Approximately 1,500 linear feet of eroding riverbank within Mississippi River Community Park in Anoka will be stabilized in 2021. The project is currently in the early stages of design and focuses on a stretch of severely eroding riverbank that was documented in an erosion inventory completed by ACD.
Eroding river banks contribute to the Mississippi River's sediment and turbidity impairments through direct loading of sediment and nutrients that degrade overall water quality as well as aquatic and nearshore habitat. Stabilization of actively eroding riverbanks is one of the most cost-effective practices to improve water quality because 100% of the sediment reaches the waterway.
Stabilization techniques will include bioengineering with native vegetation and a rock armored bottom of slope to stabilize the riverbank. The project will reduce pollutants by 529 tons of sediment and 847 pounds of phosphorus annually. Other benefits include aquatic life diversity and abundance, and improved drinking water quality because the project site is immediately upstream of drinking water intakes for the Twin Cities.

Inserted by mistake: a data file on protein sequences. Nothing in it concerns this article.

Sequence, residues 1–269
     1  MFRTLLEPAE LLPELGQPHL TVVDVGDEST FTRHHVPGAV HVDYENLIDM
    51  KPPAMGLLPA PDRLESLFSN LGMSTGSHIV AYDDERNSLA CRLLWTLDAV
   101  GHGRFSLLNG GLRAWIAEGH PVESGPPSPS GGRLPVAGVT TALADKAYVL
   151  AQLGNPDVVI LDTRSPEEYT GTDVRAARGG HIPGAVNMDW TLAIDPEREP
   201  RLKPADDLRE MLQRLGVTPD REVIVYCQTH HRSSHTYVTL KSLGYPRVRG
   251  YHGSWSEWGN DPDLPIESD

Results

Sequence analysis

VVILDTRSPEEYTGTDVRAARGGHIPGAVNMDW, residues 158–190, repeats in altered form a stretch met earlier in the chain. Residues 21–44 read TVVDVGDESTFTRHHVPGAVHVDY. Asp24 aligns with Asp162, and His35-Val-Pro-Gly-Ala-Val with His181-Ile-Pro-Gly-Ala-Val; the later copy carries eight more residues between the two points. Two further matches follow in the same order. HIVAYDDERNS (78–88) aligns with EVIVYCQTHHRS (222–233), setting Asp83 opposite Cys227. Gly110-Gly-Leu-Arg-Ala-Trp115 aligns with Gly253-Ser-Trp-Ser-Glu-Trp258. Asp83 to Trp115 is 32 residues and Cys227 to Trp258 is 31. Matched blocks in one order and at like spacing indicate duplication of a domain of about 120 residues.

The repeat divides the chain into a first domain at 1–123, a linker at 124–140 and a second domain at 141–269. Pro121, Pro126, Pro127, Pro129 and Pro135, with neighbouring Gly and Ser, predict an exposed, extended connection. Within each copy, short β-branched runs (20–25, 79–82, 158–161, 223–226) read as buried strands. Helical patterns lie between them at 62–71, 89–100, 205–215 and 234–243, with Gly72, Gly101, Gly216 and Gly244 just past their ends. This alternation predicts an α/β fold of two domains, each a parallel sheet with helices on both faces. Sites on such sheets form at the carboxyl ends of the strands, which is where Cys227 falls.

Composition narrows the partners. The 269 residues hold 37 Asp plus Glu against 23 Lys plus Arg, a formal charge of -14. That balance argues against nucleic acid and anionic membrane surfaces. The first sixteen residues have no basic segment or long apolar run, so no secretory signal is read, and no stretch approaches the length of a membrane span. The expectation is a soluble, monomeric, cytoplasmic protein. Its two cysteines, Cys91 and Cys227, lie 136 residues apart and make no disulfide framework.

This project will also showcase river stewardship and enhance public recreation. Mississippi River Community Park and adjacent Anoka-owned King's Island include 1.7 miles of Mississippi River trail, 0.78 miles of riverfront, 0.91 miles of oxbow channel, pedestrian access to the island, sporting fields, public duck and deer hunting, and a fishing dock. This project will make over ¼ mile of unsafe riverbank more accessible, stable, and fishable for users. By naturalizing the riparian zone, this project complements the Mississippi River Corridor Critical Area rules.
The project is funded by a Clean Water Fund grant, a Watershed Based Funding grant, and match from the City of Anoka. Watch for more updates from ACD and the City of Anoka as the project progresses.